Solution Description Research Paper Example | Topics and Well Written Essays - 750 words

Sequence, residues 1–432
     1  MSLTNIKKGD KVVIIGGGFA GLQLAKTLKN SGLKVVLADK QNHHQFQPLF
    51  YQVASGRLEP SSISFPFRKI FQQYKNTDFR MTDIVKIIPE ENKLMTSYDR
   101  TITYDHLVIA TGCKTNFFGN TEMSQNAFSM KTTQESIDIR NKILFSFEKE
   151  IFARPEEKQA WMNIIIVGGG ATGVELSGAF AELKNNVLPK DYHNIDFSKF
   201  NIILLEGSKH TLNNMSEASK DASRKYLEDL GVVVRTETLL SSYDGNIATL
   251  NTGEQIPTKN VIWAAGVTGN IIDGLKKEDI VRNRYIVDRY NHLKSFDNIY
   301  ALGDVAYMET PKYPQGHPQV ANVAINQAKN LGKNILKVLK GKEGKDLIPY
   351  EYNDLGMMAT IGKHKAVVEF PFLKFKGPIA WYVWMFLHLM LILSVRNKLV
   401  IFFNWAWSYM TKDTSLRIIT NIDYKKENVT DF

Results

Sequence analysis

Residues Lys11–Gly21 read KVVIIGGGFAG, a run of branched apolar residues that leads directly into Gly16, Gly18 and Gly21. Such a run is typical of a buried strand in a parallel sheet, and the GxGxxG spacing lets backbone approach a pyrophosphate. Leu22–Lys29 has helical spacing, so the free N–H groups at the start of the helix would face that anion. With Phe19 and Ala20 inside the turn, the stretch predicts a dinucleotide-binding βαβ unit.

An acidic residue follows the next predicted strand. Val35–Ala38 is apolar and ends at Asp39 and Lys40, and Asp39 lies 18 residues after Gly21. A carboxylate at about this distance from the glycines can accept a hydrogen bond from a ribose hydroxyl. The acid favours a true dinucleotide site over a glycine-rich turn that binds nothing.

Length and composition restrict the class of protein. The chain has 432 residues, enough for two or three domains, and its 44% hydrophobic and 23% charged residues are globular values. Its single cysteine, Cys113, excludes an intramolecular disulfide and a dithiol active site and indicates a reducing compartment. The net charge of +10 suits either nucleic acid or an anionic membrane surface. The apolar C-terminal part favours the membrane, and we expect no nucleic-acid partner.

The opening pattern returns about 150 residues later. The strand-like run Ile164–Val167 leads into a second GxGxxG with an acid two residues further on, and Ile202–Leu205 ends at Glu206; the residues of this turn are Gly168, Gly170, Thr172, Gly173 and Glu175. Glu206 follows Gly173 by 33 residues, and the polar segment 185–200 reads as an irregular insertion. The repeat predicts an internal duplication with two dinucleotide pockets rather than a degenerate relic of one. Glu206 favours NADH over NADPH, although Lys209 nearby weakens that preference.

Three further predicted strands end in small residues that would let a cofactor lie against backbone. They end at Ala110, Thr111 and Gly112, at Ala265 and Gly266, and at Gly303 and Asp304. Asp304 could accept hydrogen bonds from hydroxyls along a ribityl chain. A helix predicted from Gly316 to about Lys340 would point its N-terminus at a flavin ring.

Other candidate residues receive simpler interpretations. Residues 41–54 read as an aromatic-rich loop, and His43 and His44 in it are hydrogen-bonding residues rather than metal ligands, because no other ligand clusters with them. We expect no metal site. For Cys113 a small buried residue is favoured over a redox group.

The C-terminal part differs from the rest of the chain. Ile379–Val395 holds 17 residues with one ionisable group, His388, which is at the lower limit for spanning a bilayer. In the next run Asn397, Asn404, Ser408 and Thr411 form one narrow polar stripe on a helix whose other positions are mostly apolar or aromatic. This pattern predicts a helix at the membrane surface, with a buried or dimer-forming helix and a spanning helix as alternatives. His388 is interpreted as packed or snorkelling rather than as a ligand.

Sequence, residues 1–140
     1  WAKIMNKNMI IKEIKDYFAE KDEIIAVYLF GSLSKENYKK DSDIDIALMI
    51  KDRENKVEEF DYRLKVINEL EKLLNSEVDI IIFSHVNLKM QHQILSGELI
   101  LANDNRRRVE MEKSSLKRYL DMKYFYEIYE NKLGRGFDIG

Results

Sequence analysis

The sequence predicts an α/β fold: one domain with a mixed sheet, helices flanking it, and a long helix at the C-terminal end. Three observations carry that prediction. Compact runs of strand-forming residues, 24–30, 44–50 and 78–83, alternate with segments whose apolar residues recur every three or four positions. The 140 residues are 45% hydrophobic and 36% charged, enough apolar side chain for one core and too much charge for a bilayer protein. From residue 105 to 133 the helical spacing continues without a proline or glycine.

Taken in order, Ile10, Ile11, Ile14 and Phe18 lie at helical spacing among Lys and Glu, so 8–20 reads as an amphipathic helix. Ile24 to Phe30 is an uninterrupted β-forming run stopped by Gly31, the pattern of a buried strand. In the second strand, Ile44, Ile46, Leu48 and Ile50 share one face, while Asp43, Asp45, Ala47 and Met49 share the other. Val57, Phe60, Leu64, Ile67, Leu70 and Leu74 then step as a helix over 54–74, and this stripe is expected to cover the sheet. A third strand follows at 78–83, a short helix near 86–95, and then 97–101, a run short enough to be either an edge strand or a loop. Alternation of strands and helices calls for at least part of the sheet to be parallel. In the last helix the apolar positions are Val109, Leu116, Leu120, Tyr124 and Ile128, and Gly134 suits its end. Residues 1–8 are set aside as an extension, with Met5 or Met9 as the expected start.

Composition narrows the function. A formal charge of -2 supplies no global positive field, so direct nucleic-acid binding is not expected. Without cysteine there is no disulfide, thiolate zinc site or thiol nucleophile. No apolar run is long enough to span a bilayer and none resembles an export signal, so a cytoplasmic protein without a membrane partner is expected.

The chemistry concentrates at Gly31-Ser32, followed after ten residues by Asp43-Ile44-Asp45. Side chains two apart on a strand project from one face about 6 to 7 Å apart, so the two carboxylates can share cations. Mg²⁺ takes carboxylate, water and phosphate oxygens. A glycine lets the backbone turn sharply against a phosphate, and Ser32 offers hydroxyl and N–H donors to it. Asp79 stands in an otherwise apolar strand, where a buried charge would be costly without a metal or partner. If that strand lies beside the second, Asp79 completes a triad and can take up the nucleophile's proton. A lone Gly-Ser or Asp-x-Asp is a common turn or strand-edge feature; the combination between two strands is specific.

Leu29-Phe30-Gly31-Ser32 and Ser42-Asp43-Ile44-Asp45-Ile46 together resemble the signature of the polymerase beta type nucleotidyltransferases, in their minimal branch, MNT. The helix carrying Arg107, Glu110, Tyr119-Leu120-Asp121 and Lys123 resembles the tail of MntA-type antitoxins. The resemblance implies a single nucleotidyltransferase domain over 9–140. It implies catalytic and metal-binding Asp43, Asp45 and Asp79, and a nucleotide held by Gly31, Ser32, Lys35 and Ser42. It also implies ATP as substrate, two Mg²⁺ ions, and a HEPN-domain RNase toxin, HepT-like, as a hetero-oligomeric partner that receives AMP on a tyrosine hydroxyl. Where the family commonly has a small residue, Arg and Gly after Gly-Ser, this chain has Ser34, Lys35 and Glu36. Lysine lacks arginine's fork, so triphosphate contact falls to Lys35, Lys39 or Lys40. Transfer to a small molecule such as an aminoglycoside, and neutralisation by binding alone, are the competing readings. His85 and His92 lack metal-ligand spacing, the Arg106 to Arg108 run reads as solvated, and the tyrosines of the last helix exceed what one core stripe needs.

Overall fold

Solution Description - Research Paper Example Primary interventions address coronary artery disease risk factors whilst secondary intervention addresses the health adverse outcomes. Patient’s safety can only be improved through medical adherence. This depends on the patient self-management such as lifestyle modification. All these need support from the health care system. Proposed solution From the survey conducted, it is evident that among the young males newly diagnosed with coronary artery disease, 70% of them have diabetes mellitus and hypertension in their medical history. In addition to that, 60% of these people smoke. However, they regularly carry out some physical exercise and do not have any idea of what coronary artery disease means to their health. This, therefore, means that they do not understand what is expected of them in order to contain the disease with reference to dietary. Given the fact that this population has no idea on diet, they have to be taught on what is expected of them. According to Hermida (2 011), changes in dietary can help in reducing the young men’s systolic blood pressure due to diabetes mellitus and hypertension in their medical history. The dietary factors that need to be considered by this group are reduced amount of salt intake and saturated fat contents. Adherence to these controls helps in managing hypertension and diabetes mellitus. Besides dietary changes, these individuals need to be encouraged not to smoke and also shun environmental smoke (Mosca et al., 2007). Compliance with lifestyle modification improves the patient’s quality of life via eliminating premature deaths and preventing further complications. To the patients’ immediate family, compliance relieves them of the negative psychological effects of losing their loved ones. Additionally, adherence conserves the resources of the family that would have been channeled in the obtaining of health care. Organizational culture: This section aims to illustrate how lifestyle modification , as the proposed solution, is consistent with the organization of resources and culture of the society. To the society at large, patient compliance with treatment is an effective measure of saving costs. This is because it decreases complications of incidents and the need for further medications. This is of great significance to the health care public financed systems. Compliance has a great impact on the health care system. For instance, it limits hospitalization needs and reduces workloads on the healthcare system staff. In addition, satisfactory outcomes of treatment boost the attending clinician’s morale whilst failure in treatment frustrates them and impacts their work delivery. Expected Outcome of the Project The expected outcome of the project is to improve the adherence of the patients to enhance their safety. The main reason is that chronic conditions such as the coronary artery disease need a lot of care. In addition, most of this care focuses on the patient self-m anagement. As a result, it requires complex multi-therapies and medical technology use for monitoring patient lifestyle change. Therefore, if these patients are not supported adequately by the health care system, they may be prone to risks that are life-threatening. The outcome will be achieved by educating the patients on lifestyle modifications such as the amount of salt intake, significance of physical activity, avoiding smoking, reducing the